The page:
Volunteers answer call for river clean-up after floods hit Sheffield
More investment is needed so moorlands can protect South Yorkshire’s urban areas from flooding.
But there’s still a huge job to do to clean up the mess left after a month’s worth of rain fell in just 24 hours, leaving the banks of the River Don covered in plastic waste and other debris, and damaging walls and footpaths.
The River Stewardship Company, which organises regular clean-up days along the river, appealed for extra hands to help with the mammoth task and it has been delighted with the response.
Adam Rollitt, chief executive of the social enterprise, said: “We’ve had a lot of interest from people wishing to volunteer, which is great, but we’re still keen to hear from more people who want to help.
“What happened last week has helped us reach a slightly wider audience and hear from more people wanting to help out and give something back to their community.”
The next of the fortnightly volunteer sessions will take place tomorrow, Tuesday, November 12, at Washford Bridge on Attercliffe Road, which was badly hit by last week’s heavy rainfall, but the organisation is planning to organise extra clean-ups to deal with the aftermath of the latest floods.
Well over 100 volunteers have helped clear invasive shrubs, litter and other debris from the banks since the sessions began in 2010, between them putting in some 17,000 man hours not only keeping the river tidy and helping wildlife flourish but preventing blockages which could lead to flooding.
Mr Rollitt said last Thursday’s dramatic downpours demonstrated the importance of their work and that of professionals from the company, which was responsible for the ‘channel maintenance’ element of the £21 million Lower Don Valley Flood Defence Project to prevent a repeat of the 2007 deluge.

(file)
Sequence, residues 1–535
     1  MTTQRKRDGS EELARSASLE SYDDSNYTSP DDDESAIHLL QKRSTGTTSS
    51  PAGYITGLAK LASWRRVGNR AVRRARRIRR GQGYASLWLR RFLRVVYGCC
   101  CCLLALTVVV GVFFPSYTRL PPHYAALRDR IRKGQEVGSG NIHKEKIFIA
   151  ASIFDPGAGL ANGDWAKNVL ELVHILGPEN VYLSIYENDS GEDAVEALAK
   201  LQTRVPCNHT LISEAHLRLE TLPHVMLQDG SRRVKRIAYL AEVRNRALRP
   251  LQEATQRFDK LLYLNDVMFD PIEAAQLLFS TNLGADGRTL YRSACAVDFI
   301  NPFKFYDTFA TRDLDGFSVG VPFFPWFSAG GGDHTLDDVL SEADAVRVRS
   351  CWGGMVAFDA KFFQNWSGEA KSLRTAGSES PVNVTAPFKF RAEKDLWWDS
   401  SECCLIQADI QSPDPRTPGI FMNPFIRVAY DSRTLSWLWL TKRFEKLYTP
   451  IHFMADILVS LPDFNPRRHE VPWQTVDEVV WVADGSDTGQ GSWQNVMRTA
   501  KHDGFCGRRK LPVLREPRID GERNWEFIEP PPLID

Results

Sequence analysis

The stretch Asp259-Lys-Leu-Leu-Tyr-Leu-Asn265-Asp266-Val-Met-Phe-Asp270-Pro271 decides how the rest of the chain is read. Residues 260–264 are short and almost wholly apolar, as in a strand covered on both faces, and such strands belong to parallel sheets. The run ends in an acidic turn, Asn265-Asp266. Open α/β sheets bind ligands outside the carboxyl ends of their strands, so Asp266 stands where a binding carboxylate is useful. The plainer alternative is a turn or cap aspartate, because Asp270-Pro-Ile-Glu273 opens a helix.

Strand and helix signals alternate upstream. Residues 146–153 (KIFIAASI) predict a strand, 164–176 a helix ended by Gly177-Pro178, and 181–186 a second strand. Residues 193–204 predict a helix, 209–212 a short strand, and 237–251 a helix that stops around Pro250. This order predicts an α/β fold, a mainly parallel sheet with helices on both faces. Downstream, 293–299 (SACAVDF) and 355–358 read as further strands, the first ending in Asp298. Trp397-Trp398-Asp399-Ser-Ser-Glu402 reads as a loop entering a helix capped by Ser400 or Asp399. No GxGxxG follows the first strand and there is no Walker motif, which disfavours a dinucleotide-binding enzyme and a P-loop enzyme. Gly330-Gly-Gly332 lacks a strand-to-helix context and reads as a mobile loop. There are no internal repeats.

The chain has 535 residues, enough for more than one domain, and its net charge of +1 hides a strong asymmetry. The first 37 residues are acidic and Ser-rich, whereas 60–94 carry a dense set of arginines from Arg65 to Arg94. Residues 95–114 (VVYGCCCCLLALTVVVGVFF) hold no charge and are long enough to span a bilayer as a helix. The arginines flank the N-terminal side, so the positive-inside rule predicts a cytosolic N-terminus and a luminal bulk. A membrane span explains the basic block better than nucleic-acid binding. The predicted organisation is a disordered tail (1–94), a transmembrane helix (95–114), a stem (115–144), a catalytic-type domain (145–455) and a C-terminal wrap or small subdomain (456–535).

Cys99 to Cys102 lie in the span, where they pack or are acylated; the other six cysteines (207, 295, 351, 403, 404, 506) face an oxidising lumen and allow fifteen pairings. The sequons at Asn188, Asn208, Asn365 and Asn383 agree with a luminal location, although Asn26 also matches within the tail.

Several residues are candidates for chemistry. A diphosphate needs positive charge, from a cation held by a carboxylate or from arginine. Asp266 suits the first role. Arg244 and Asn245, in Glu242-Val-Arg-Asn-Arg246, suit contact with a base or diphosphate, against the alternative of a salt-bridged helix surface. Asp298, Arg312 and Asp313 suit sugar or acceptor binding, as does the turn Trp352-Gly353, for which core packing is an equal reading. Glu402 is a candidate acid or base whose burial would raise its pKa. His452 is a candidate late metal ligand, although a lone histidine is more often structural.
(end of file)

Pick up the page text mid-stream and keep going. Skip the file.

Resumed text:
“The channel maintenance work is a vital part of what’s been done to reduce the flood risk,” he said.
“There are a few pivotal photos and videos out there which show how close we came to major flooding in Sheffield last week, like the footage of water lapping just over the top of the wall at Meadowhall.
“That vindicates all the effort that’s been put in and the money that’s been spent over the last few years, both in terms of the capital work and channel maintenance.
“It’s hard to say exactly how much worse it could have been had that work not been done, but it’s certainly had a positive impact in terms of reducing the flood risk.”
As well as the more obvious benefits, Mr Rollitt added that the volunteer sessions had been shown to improve participants’ wellbeing and help them develop new skills which could bolster their CVs.
For more about how you can get involved, visit the-rsc.co.uk/riverlution/get_involved.